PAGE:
Bhakti in the Business Place
Although it would be nice to show up for a morning meeting with tilak on, conduct bhoga-arati at one’s desk, and circumambulate the office cubicles during an afternoon japa walk, the reality is that outward displays of religiosity are not welcomed in most work environments.
Indeed, speaking overtly about yuga-dharma, berating the boss’s egg-filled birthday cake, or recording the maha-mantra on the company’s answering machine are but a few things that could prompt a quick demotion or firing. While these examples may be a bit far-fetched, devotees who work full time know that even more subtle expressions of spiritual life in the workplace can raise eyebrows. However, whether an eyebrow is raised suspiciously or, by contrast, inquisitively and favorably, is largely in control of the devotee.
Of course, “being a devotee” does not necessitate exhibiting the full-fledged external forms of devotional culture in every circumstance. Indeed, there is wide scope for making adjustments based on necessity, as well as practicality. A devotee who pursues traditional employment may have to use this latitude to avoid running afoul of professional expectations. The challenge then is how to remain preoccupied with the inner culture of bhakti, while externally “fitting in” to the culture of a particular workplace.
Thus while one might be tempted to slyly replace a co-worker’s telephone directory with a copy of Bhagavad-Gita, or to fill the receptionist’s candy jar with maha laddus, a more toned-down approach to creating a maximally favorable work environment is probably advisable, if not required. An understated approach to maintaining Vaishnava standards, however, may pique curiosity and draw favorable attention in ways, and to a degree, that overt outreach might not. In particular, those who exhibit one or more of the twenty-six qualities of a Vaishnava (as given in Caitanya-caritamrta) are likely to be regarded very warmly, as those qualities are ones that all people (even those who lack them) consider becoming, desirable, and worth cultivating (even if they don’t actively do so).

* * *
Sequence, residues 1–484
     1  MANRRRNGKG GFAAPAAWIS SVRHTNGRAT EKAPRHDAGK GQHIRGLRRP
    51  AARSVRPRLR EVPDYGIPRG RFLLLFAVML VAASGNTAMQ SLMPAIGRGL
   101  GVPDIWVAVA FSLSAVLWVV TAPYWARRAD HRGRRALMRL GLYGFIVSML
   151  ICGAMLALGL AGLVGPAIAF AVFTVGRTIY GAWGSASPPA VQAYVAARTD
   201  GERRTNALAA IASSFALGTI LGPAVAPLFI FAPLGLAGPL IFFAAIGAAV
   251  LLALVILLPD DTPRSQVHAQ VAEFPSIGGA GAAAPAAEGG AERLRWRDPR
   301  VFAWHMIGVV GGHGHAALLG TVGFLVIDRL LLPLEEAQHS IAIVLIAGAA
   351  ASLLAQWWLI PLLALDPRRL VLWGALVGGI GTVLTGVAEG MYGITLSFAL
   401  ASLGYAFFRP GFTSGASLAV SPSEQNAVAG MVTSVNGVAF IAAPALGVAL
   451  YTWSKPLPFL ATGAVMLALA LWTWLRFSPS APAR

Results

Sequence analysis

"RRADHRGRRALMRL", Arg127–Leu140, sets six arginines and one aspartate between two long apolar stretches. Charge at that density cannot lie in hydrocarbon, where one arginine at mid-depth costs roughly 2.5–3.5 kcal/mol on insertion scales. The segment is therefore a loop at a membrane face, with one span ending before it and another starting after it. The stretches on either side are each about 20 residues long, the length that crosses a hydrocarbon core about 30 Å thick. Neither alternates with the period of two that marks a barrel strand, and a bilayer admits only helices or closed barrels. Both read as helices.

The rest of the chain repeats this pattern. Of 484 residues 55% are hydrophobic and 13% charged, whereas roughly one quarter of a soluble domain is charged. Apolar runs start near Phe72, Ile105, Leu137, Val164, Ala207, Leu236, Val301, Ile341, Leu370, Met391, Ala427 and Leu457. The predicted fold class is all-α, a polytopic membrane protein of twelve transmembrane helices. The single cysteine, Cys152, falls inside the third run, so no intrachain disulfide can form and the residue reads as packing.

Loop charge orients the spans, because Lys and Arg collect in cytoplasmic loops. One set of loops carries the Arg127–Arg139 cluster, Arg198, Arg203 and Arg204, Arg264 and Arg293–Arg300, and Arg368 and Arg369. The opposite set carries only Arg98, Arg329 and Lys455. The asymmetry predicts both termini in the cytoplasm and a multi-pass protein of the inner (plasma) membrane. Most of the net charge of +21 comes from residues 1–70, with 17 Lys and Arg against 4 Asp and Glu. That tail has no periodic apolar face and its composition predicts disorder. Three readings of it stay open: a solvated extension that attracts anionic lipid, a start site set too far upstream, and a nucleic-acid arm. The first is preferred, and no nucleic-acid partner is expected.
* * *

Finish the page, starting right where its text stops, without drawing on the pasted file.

Thus, while the exhibiton of truthfulness, magnanimity, gravity, and so forth is a more subtle way of “being a devotee” at work than blasting a “Jaya Radha Madhava” ringtone from your Blackberry, such character attributes may prompt a co-worker to ask, “What’s your secret?” or “How did you become like that?” In that vein, I am often asked why I appear peaceful during times of workplace chaos. I typically respond by saying, “Well, believe it or not, I meditate everyday.” Invariably my response raises eyebrows, but almost always in an approving way, and depending upon the precise circumstances, the conversation tends to deepen from there.
Frankly, even among the most progressive and educated segments of society, followers of Gaudiya Vaishnavism are not held in high esteem. In the face of entrenched negative sentiments, it is no wonder that many devotees feel they must be exceptionally discreet about their internal preoccupation with bhakti while on the job. It can be difficult to talk about one’s practice with any specificity, lest deep suspicion (however unwarranted) suddenly arise. Thus apart from fielding an occasional question about neck-beads, homemade lunches, or the reasons why he or she forgoes the standard coffee break, a devotee who works full-time may be reticent to voluntarily say much more.
Given that a devotee may spend in excess of half of his or her waking hours “associating” with co-workers, clients, or customers, the task of making external adjustments while avoiding compromise of the essential principles of bhakti may not be a trivial undertaking. The manner in which this is accomplished may vary as widely as circumstances of employment. Probably common to most situations, however, are occasional openings for the kinds of discussions that build bridges to more in-depth exchange, and serve as stepping stones towards a future in which the essential spirituality that is bhakti-yoga is well understood. Until then, it is likely that many devotees who work will have to vigorously apply themselves, such that the resulting qualities attract sympathetic (rather than wary) attention from others in the workplace—and possibly prompt the question, “How can I become more like you?”